Tip #4: Make Clear Boundaries
When making the attempts to care for your child’s needs during periods of turmoil and conflict, you could experience stress and strong emotions that could make you want to give up. Consider setting boundaries to ensure you don’t take on more responsibilities than you can handle or deal with unfair behavior from your child.
Similar to guidelines, boundaries may encompass not only actions, behaviors and conversations that you deem acceptable or unacceptable but also things that you may choose to do for your child and those you may refuse to do.
Personal boundaries are typically based on an individual’s values and needs. Specifically, a personal boundary an individual may set for themselves refers to an emotional or physical limit they developed intending to protect their well-being and physical, mental and emotional health. An example of an unhealthy boundary is a thought or behavior that an individual can misuse to manipulate the people close to them and keep them at bay. However, a healthy limit is practical at ensuring relationships will be safe, respectful and supportive.
When creating clear boundaries with your child, be firm that you won’t sacrifice their needs or your own for their wants associated with substance use; you are unwilling to tell lies for your child; and that you will not accept or encourage any more substance abuse.
By consistently maintaining boundaries, you can make a clear distinction between genuinely helping your child and enabling their drug-abusing habits. Enabling can indicate that there are little to no limits in place, and parents take on too much responsibility for their child’s actions. Enabling behaviors include:
- Making excuses for a child
- Blaming oneself for their addiction
- Unintentionally reinforcing substance use by providing housing, access to sellable goods or financial support, etc.
Setting solid boundaries may cause short-term conflicts within families, but they allow you to demonstrate to your child that their actions will not manipulate you.
Tip #5: Be as Positive as Possible and Encourage Professional Treatment
When helping your child initiate treatment and work toward recovery and sobriety, you should keep in mind that your perspective of their journey will be different as you’re on the outside looking in. You may find it easy to commend them for recognizing that a problem exists and having the desire to get clean, but they may find it easier to feel guilt and blame themselves for using drugs in the first place.
Be considerate of the fact that for someone battling substance abuse and addiction, their worst enemy and most prominent critic may live between their ears—they may think negatively about themselves and focus too much on their mistakes and poor decisions.
By emphasizing the positives, motivating your child to engage in more desirable behaviors and encouraging treatment, you can build a sense of cooperation and understanding. Doing so enables you to diminish negativity and conflict, perhaps helping them pick up the pieces of their self-esteem, confidence and sense of self-power.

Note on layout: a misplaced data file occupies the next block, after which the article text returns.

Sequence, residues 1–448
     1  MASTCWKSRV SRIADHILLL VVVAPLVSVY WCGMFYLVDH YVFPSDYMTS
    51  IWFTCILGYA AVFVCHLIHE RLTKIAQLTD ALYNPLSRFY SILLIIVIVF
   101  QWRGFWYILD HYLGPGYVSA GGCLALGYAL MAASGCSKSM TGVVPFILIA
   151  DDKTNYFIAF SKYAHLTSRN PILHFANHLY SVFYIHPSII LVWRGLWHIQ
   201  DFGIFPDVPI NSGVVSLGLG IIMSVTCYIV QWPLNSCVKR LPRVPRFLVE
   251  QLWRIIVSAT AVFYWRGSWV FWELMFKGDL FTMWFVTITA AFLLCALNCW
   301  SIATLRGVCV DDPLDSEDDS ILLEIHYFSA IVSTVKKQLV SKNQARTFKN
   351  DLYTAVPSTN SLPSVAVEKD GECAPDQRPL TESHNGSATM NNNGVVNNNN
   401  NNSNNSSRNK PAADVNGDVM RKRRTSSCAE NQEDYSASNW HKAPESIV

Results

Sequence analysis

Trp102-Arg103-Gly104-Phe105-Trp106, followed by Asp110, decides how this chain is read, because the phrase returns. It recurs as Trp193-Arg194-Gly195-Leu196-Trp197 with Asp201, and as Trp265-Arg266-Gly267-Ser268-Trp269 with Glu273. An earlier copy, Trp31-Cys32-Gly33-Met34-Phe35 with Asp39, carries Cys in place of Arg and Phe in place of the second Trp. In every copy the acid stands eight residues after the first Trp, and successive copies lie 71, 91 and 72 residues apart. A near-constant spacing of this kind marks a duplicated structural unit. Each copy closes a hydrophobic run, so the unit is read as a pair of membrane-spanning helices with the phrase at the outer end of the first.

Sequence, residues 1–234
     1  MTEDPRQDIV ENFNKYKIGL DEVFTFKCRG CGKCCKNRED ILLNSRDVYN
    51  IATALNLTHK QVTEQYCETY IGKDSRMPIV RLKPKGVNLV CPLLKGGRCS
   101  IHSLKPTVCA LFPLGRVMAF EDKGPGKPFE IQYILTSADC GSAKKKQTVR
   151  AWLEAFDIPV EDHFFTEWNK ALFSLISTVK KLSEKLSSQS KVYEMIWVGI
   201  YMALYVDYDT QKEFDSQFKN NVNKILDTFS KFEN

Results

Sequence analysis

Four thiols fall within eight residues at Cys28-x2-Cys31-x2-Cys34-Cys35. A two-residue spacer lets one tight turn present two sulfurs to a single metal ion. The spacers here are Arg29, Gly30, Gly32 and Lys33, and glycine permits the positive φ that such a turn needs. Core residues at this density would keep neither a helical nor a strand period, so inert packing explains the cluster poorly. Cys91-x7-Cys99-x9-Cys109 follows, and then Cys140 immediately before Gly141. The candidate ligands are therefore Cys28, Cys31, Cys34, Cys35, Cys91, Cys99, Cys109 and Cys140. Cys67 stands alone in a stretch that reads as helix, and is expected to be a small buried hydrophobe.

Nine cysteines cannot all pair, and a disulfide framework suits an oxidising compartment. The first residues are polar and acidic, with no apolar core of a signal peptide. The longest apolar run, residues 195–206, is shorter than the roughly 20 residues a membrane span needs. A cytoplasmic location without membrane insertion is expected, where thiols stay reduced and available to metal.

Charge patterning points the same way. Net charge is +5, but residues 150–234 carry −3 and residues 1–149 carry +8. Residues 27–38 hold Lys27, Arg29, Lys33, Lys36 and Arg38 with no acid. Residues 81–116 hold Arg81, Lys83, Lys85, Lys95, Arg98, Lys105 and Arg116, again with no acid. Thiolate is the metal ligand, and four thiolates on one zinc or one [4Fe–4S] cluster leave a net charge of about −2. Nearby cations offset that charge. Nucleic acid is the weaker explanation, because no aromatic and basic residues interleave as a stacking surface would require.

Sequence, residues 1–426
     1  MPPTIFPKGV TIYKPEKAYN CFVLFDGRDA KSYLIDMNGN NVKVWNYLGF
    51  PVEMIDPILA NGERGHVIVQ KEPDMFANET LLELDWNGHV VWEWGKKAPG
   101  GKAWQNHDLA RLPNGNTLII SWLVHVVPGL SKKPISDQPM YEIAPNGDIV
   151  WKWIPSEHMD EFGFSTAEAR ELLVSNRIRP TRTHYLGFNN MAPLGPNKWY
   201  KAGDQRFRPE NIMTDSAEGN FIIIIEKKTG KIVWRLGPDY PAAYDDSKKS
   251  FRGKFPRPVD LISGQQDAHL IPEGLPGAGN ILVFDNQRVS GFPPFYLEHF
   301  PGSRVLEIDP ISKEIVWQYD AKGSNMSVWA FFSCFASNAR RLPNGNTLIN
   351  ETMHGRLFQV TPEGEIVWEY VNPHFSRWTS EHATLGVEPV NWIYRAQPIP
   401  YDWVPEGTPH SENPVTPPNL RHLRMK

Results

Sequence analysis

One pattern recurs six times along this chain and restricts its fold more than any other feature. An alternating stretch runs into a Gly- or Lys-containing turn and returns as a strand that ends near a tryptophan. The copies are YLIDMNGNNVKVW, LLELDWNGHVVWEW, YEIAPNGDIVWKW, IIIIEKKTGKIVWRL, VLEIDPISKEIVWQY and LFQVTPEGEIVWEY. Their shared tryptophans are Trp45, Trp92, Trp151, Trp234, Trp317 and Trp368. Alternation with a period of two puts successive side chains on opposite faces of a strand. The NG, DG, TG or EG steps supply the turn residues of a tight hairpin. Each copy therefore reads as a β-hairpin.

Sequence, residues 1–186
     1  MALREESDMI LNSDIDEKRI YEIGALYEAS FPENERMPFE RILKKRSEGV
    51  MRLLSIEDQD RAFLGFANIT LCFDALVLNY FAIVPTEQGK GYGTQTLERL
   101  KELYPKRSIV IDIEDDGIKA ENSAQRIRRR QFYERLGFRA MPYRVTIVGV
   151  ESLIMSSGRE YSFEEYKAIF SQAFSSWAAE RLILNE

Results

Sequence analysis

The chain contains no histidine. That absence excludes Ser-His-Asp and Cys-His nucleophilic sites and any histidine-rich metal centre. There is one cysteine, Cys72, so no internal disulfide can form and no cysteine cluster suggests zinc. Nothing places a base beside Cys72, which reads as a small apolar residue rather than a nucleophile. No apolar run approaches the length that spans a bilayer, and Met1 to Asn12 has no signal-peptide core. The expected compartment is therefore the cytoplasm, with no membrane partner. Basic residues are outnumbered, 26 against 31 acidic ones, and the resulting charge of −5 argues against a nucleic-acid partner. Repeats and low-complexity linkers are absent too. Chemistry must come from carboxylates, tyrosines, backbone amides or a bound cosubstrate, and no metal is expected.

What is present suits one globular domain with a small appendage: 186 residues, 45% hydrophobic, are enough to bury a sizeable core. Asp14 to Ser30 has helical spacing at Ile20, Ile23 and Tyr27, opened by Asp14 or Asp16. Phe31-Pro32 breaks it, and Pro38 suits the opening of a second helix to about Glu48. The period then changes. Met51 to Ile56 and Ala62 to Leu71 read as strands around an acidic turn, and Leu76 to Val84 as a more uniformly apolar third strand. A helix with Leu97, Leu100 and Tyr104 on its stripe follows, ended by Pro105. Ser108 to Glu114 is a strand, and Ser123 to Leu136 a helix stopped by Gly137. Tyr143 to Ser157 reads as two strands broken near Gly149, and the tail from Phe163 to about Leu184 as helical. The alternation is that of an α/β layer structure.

Point out the benefits of participating in treatment and therapy programs: new activities to fill the void left by substances, healthier coping skills and positive peer support and relationships. Verbalize to your child that you have faith in them, think they are intelligent and capable of achieving success, and how much you value them and need them in your life.
Tip #6: Be Proactive and Participate in the Process of Searching for a Safe Treatment Center
Be a viable partner in your child’s recovery by helping them research and tour treatment and counseling facilities. The Ranch in Tennessee, for instance, can make a significant difference in your child’s recovery journey and their mental, emotional and physical health. Therapists, mental health professionals, clinicians and medical team members at this center implement medical-based treatment, holistic therapies and evidence-based programs, including, but not limited to:
- Drug addiction treatment
- Prescription drug addiction treatment
- Opiate addiction treatment
- Opioid addiction treatment
- Drug and alcohol detox
At The Ranch, our treatment specialists and therapists understand how crucial parents, partners, family members, friends and other social and emotional support systems can be before, during, and after treatment and recovery. Not only do we provide evidence-based detox and treatment programs, but we also encourage patients and their loved ones to participate in the family recovery program as necessary.
Addiction, eating disorders, intimacy disorders, mental and physical illnesses and more can destroy relationships and divide families. When one family member is battling addiction or psychological or behavioral health issues, the entire family can feel the impact. For this reason, along with research that demonstrates how family members who participate in the recovery process can positively influence mental health treatment, the center is open for patients and their families to strengthen their dynamic in ways conducive to their health individually and collectively.